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    Inside Roark Capital

  • How a young private equity firm came to own 16 restaurant brands with $11 billion in systemwide sales.

    Barney Wolf
    Roark Capital founder Neal Aronson has helped the firm grow to include several premier quick-service companies, including CKE and Arby’s.

    “The franchisees hated the company,” says Romaniello, now a Roark managing partner. Most of Carvel’s resources had been diverted to its supermarket business, which angered franchisees. There hadn’t been a new flavor in five years or a new product in eight. “I called Neal and said, ‘What have you gotten me into?’” Romaniello says.

    The new managers set about turning that around by refurbishing the stores and giving franchisees the OK to sell a product they wanted: Italian ice. By the end of the first year under Roark leadership, 21 new menu items were added. Franchisees’ trust in the owners rose dramatically.

    The following year, Focus Brands was formed to hold Roark’s foodservice acquisitions. Cinnabon and some franchising rights for Seattle’s Best Coffee were then acquired in 2004.

    “In the early days, there were real synergies and reasons to put companies together in Focus,” says Hill, who became Cinnabon’s president. “There was talent at Carvel that Cinnabon could benefit from, and talent at Cinnabon that Carvel could use.”

    Focus added Schlotzsky’s in 2006, Moe’s Southwest Grill in 2007, and Auntie Anne’s in 2010. The purchases were financed primarily through Roark’s first private equity fund.

    Later acquisitions were made with capital from the second and third investment funds. Romaniello and Hill moved to Roark in 2008 to help with acquisitions and operations.

    The deals became larger and more diverse—fast-casual, full-service, and quick-service restaurants, including some with company-owned units, not just franchisees.

    “We have been slowly and methodically learning as much as we can about restaurants,” Romaniello says. “I’m not sure I’d call ourselves experts at this point, but we certainly have a lot of years of study, learning about the industry and through our experiences.”

    The acquisitions are a team effort, Hill says, relying on Roark’s operational, financial, and other resources.

    “We look first at the brand and the company,” he says. “What are the characteristics of that concept? How are the unit-level economics? That’s key. If it’s franchising, it better be great unit-level economics, or a franchisee would never get involved in it.”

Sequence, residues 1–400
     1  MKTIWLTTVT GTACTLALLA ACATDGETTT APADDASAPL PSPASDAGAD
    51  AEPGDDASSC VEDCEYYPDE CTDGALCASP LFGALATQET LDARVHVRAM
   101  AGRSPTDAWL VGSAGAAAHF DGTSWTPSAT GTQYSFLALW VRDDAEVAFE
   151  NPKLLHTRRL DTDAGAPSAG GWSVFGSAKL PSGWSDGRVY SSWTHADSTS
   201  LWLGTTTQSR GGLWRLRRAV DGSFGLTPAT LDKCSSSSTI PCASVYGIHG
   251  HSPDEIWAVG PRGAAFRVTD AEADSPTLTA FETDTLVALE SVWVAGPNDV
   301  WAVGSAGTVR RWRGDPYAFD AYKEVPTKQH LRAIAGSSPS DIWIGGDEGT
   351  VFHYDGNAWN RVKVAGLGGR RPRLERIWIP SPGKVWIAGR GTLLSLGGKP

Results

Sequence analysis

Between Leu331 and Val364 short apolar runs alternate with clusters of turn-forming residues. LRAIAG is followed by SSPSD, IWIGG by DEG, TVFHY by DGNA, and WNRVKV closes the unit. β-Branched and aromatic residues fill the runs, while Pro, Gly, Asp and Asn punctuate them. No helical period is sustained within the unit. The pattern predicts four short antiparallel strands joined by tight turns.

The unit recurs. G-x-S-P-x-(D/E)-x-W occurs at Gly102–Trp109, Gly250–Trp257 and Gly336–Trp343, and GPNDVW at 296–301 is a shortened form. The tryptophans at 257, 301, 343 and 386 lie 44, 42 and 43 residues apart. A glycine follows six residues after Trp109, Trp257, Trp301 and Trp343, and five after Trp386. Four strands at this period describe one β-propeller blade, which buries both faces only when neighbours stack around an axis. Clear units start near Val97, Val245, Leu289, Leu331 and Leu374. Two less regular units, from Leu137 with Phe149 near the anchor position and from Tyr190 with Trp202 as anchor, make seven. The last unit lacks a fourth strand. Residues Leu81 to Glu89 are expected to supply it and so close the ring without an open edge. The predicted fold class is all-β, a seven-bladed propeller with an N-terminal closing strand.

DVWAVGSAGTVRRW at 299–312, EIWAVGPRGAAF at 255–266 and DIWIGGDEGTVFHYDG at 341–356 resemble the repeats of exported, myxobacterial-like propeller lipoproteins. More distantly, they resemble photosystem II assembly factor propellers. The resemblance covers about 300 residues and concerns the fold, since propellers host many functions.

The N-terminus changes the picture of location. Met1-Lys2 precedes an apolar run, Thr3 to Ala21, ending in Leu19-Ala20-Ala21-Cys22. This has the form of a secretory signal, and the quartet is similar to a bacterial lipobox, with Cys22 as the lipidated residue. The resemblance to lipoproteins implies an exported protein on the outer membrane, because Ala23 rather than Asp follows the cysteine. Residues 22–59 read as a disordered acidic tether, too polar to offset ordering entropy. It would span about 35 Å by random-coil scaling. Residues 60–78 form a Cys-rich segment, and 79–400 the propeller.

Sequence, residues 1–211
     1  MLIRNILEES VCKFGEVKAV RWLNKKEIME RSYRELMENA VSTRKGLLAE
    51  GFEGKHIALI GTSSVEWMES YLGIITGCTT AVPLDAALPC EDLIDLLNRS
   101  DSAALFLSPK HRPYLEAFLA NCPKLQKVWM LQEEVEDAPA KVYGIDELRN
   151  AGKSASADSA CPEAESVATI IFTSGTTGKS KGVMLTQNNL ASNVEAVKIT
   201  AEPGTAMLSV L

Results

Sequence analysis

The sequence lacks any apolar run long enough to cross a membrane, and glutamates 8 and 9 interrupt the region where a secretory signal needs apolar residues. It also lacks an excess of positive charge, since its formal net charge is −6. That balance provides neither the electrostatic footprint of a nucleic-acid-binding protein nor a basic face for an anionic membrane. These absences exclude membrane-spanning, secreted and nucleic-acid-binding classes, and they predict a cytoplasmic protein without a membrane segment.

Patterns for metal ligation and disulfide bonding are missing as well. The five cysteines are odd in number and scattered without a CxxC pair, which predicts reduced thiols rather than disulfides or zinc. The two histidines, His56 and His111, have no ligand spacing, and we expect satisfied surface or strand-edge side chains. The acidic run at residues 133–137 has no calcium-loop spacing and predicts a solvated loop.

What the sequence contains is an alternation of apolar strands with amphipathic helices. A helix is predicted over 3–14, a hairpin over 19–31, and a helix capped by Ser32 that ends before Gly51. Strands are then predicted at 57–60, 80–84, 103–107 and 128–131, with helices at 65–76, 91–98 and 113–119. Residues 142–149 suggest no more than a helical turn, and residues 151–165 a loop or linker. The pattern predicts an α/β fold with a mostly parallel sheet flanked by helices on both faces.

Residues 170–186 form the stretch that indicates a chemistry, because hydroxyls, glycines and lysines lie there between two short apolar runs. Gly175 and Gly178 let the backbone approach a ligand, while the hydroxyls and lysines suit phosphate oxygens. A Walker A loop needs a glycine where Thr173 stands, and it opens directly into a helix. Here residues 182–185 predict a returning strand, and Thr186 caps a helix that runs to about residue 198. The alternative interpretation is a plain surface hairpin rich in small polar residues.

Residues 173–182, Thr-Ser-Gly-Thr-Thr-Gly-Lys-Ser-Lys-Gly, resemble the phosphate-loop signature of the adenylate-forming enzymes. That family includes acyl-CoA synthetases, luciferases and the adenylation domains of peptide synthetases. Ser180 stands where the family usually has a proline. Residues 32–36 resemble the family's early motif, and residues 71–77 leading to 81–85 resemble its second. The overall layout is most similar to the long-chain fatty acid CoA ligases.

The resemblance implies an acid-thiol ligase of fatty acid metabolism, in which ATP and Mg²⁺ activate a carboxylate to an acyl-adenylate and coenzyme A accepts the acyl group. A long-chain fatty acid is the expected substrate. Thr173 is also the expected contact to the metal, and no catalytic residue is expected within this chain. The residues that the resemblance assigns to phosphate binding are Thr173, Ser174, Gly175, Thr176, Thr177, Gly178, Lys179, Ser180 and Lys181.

Each deal brings its own set of challenges, says Erik Morris, a managing director who joined Roark in 2007 after leading investments in several quick-service restaurant companies at private equity firm Grotech Capital Group.

    “They’re all different, and so I think we’ve gotten better at it,” he says. “We learn a lot from every company we evaluate, and then as we work with the companies.”

    Making an acquisition is just “the ticket to play,” he adds. “We then focus our time on what are those three or four key strategic initiatives for that business.”

    Nash, who died in 2008, passed on several lessons to Aronson, one of the biggest being that the best investments require great patience. At Roark, that patience is being tested with Arby’s. Roark bought control of Arby’s for $430 million in cash and debt, despite 2010 results that one analyst dubbed “amongst the worst in modern restaurant history.”

    Romaniello and Hill say Arby’s had started to turn around when Roark made the acquisition, but Aronson is more blunt in his assessment of the company, which was part of the Wendy’s/Arby’s Group, led by investor Nelson Peltz’s Triarc Co.

    “Arby’s was a mess—in menu, speed of service, cleanliness, physical box, focus, relationships, strategy, marketing,” he says, ticking off the woes. There were four CEOs in six years, a problem Aronson blames on previous ownership.

    Still, Arby’s core attributes lined up for Roark, including the brand differentiation, great history, a large and loyal customer base, good locations, and upside potential.

    “The things that were wrong we saw as fixable, as long as we had time,” Aronson says, noting that a private company has that luxury.

    To help with Arby’s, two industry pros—Jon Luther, Dunkin’ Brands chairman, and former Yorkshire Global Restaurants CEO Sid Feltenstein—were added as independent directors on Arby’s board. Luther is Arby’s chairman.

    So far, it seems the risk is paying off. Arby’s same-store sales rose 2.8 percent last year and have grown every quarter since Roark acquired the chain.

    Few of Arby’s issues were present at CKE, which was acquired from private equity firm Apollo Global Management. It has strong unit-level growth and is stable, “with an excellent management team and differentiated brands,” Aronson says.

    Although CKE has debt—the company refinanced $1 billion last year—Aronson says it’s very manageable.

    “We want CKE to reach their potential,” just like all of Roark’s other brands, he says. If capital and expertise are needed to help the brands grow, “we’ll provide that.”

    While the firm has not sold any of its restaurant companies yet, that time will come.

    “As a private equity company, we will need to, and will” divest companies, Aronson says. “You’ll see us sell some companies over time, and you’ll see us take some companies public. That is part of our obligation to our investors.”

    Roark “has plenty of capital” now for its companies’ needs and to make additional acquisitions, but Aronson can see a fourth private equity fund down the road.

    “We don’t know when yet, but it will happen,” he says. “We’re growers, not cutters. We like growth, and we’re looking to invest in growth.”